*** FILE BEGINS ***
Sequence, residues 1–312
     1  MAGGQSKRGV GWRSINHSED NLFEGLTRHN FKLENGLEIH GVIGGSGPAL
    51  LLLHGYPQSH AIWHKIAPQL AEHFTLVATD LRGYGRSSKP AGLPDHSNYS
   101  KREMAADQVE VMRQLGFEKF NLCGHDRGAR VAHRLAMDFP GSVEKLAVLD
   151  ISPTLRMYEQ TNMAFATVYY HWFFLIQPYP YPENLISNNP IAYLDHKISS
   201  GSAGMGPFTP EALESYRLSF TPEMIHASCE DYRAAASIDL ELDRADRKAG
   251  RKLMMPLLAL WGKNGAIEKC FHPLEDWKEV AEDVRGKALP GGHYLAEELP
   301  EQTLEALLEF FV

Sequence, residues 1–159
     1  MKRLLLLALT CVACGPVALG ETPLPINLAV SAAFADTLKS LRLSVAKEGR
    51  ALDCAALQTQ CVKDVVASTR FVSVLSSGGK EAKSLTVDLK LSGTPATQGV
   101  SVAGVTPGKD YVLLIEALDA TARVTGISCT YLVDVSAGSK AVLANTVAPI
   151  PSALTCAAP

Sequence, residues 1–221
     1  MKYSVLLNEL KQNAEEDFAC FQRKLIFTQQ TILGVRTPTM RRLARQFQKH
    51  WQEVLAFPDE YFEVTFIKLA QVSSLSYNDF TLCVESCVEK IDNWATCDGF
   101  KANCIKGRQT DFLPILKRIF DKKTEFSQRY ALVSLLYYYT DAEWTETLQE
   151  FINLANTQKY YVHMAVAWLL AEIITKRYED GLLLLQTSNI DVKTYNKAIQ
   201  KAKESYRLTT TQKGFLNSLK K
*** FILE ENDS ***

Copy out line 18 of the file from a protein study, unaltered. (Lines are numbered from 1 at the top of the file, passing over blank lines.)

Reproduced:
   151  FINLANTQKY YVHMAVAWLL AEIITKRYED GLLLLQTSNI DVKTYNKAIQ